Posts Tagged 'Staten Island'
“Creeping along the endless beach amid the sun-squall and the foam, it occurs to us that we, too, are the products of sea-slime.” H.D. Thoreau on Cape Cod.
I walked from the Lemon Creek Fishing Pier to Conference House Park along the Raritan Bay shore of Staten Island recently. The red glacial till of the cliffs were pockmarked with old Bank Swallow nests.The beach was shelly in parts, seaweedy in others.Surprisingly few people were to be seen over the couple miles of beach on a summer weekend. Fishermen had plundered through, though, leaving this four-footer to the maggots.Along the phraggy edges past the cliffs of Mt. Loretto, some Odonates patrolled. This is a female Eastern Pondhawk (Erythemis simplicicollis).Great Beds Light, in Raritan Bay, off the southwestern tip of Staten Island. Named after the great beds of oysters once found there. The beach had a good number of oyster shells on it, so there are still some, but there’s been no oyster harvesting from the great estuary that surrounds New York City in nearly a century. The Billion Oyster Project is trying to change that.Ospreys have nested on top of the light. This marker on the rocks near the entrance of the Arthur Kill has been taken over by Double-crested Cormorants. They’ve crowded their nests onto all the available horizontals.This is the view from the 1680 Billopp House, now known as the Conference House because of the unsuccessful peace parley held here in 1776. We can pretend there isn’t an industrial watercourse right on the other side of those trees and imagine the view not so different 300 years ago.There are some magnificent American Sycamores on the grounds; that’s my 20″ long backpack for scale.
A Common Tern (Sterna hirundo) was raising vocal hell. Then it started to fly straight at me, arrow-like. I instinctively flinched as it passed over head. No fool I. The bird spun around, and returned for another strafing. I’ve been here before. This kind of dive-bombing is classic nest protection strategy for terns; that little black head and red bill coming at you means business. The business is simple enough: they want you to get away from their eggs or young. The Commons’ cousins the Arctic Terns (Sterna paradisaea) will buzz even closer, and sometimes actually whack you in the head; they will also shit on you in a coup de grâce we probably shouldn’t take for editorializing, or should we? It is best to wear your backpack on your head when you’re near an Arctic Tern breeding colony, as in, say, Iceland, where swarms of them are like big angry bees overhead.This past weekend seemed rather late in the season for a nest — in our immediate area, I know of Common Tern nests on the unused piers on Governor’s Island — but there was a fledgling to protect on the beach. I couldn’t get a photo of that particular young one, who was loudly squawking for eight-to-ten square meals a day (fish, plucked from the water). Further up the beach, though, this bird, which I think was another individual, was fairly amenable to being photographed. The adult in the top photo is still in full breeding plumage. It’s winter look will be more like this youngster, although both feet and bill will be dark.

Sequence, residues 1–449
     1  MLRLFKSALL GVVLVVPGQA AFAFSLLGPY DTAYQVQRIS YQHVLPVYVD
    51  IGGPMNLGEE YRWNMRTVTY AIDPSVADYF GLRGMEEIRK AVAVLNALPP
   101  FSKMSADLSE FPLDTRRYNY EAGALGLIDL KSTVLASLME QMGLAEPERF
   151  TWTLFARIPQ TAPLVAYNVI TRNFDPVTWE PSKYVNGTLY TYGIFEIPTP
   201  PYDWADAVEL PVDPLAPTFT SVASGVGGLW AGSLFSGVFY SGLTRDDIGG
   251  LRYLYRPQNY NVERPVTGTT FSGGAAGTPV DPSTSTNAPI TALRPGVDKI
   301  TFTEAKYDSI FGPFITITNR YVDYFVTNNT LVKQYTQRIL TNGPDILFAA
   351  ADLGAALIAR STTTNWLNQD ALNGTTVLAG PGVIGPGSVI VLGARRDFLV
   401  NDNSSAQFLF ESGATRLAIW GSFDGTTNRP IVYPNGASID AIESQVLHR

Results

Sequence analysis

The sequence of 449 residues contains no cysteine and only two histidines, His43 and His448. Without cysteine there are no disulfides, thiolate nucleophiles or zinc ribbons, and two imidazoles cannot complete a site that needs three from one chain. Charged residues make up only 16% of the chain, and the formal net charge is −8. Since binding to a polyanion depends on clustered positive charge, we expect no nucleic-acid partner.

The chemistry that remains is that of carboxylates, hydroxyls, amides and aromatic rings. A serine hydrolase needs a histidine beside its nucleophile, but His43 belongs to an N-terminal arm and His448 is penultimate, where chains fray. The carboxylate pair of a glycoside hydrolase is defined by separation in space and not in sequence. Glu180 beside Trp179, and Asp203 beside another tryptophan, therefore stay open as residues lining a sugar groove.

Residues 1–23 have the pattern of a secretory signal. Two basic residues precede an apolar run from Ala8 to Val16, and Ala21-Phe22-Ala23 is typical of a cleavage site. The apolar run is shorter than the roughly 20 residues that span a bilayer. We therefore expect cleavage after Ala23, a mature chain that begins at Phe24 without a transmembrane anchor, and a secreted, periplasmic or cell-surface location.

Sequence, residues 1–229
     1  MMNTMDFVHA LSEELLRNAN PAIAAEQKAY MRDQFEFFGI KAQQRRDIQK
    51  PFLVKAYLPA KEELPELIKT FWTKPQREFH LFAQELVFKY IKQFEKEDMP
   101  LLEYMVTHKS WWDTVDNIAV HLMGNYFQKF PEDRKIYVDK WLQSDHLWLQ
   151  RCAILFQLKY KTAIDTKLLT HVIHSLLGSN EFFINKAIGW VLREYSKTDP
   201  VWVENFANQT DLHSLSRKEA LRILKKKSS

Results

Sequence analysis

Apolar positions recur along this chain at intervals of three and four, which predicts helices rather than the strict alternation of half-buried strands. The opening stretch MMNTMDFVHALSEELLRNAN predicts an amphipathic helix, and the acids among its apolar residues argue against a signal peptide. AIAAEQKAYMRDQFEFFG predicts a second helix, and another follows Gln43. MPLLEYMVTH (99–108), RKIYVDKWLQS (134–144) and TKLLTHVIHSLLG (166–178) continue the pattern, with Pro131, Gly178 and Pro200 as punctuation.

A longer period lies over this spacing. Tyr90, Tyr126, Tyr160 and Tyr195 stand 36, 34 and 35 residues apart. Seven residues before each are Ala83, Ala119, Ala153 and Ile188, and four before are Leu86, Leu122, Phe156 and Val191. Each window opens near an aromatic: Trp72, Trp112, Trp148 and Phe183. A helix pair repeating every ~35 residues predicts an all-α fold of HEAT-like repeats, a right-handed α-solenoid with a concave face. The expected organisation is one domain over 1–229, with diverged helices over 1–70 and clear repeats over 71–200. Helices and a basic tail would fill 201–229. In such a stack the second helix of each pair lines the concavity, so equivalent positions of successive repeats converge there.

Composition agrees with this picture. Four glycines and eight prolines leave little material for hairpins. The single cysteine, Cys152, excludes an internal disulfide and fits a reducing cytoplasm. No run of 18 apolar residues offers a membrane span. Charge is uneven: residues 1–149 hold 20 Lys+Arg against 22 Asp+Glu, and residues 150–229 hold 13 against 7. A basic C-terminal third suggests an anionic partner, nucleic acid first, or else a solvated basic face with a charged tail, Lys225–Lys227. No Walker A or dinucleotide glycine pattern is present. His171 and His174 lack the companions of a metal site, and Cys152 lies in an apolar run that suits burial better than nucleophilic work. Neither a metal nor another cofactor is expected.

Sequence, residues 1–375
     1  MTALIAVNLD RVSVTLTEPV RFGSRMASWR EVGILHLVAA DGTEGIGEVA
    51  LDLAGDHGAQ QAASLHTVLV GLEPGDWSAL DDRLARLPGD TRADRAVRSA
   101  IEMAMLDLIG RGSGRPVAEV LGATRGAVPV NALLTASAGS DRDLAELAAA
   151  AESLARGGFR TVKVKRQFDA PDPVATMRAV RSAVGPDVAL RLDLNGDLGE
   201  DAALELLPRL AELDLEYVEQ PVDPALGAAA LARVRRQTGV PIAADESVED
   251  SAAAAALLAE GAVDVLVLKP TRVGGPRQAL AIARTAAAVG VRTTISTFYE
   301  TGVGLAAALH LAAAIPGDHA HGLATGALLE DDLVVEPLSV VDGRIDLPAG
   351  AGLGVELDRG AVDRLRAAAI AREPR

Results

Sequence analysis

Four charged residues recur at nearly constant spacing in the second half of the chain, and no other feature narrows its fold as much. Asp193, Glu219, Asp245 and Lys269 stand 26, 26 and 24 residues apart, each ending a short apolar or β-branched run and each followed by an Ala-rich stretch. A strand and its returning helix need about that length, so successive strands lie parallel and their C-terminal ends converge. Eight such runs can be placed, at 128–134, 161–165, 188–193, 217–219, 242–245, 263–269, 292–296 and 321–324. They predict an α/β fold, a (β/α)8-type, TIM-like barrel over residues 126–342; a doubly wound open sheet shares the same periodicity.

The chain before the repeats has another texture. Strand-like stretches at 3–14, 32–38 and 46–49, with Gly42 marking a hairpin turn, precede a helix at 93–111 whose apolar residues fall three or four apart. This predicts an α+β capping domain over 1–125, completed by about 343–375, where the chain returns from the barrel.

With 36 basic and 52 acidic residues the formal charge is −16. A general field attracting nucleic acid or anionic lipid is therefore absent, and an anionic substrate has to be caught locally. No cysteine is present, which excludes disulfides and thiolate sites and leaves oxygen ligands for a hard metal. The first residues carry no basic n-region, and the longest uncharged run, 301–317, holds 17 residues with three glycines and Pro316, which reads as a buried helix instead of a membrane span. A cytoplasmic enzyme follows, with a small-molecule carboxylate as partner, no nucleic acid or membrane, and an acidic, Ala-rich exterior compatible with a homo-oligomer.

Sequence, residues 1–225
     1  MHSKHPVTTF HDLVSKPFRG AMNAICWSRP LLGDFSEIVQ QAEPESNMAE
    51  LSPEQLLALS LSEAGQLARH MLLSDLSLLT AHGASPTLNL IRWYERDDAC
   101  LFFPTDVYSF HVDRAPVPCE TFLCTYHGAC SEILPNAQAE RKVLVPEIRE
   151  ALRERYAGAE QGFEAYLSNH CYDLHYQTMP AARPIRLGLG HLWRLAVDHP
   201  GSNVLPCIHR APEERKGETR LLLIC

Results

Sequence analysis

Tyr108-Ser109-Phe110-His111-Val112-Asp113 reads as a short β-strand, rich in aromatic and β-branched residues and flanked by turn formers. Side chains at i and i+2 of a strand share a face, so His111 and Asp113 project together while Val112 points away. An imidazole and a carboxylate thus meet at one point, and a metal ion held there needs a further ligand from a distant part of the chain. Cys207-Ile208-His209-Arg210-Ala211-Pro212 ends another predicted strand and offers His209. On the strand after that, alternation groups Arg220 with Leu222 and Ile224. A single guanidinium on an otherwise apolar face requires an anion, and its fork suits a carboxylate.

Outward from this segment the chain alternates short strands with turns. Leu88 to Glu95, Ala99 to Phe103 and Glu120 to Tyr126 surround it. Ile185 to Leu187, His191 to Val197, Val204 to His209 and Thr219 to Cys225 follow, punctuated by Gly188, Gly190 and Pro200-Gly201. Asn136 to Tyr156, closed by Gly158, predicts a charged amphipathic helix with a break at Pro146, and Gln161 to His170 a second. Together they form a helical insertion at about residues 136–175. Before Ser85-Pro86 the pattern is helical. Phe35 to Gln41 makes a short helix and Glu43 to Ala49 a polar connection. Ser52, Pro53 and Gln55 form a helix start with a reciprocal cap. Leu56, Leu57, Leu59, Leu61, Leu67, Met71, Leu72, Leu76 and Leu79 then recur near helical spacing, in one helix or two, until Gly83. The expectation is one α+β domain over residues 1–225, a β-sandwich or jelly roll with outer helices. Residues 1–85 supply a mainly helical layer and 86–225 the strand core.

Tags: beetles, insects, invertebrates, Staten Island
Tags: caterpillars, insects, invertebrates, Staten Island
Yellow Bear caterpillar (Spilosoma virginica), a.k.a. Virginian Tiger Moth. The very long hairs here are key to identifying this species, since they can be quite variable in coloration, starting cream to yellow and darkening with age, some becoming black. We saw a few of the older ones as well on the paved trails at Fresh Kills Park Sunday.
Tags: insects, invertebrates, Staten Island
One of the Brochymena genus Rough Stink Bugs. I think this may be an instar of B. quadripustulata, since it has the four spots or bumps, but the shield pattern isn’t quite like an adult’s (yet). These stink bugs are cryptically colored to blend in with bark, but they really stick out on a leaf. A true bug, meaning they are suckers, living on sap of a range of tree and shrubs. But also preying on other insect larvae and pupae, so some species are considered gardener-friendly, a natural defense.
Plus, if you smoosh ‘em, you’re gonna regret it.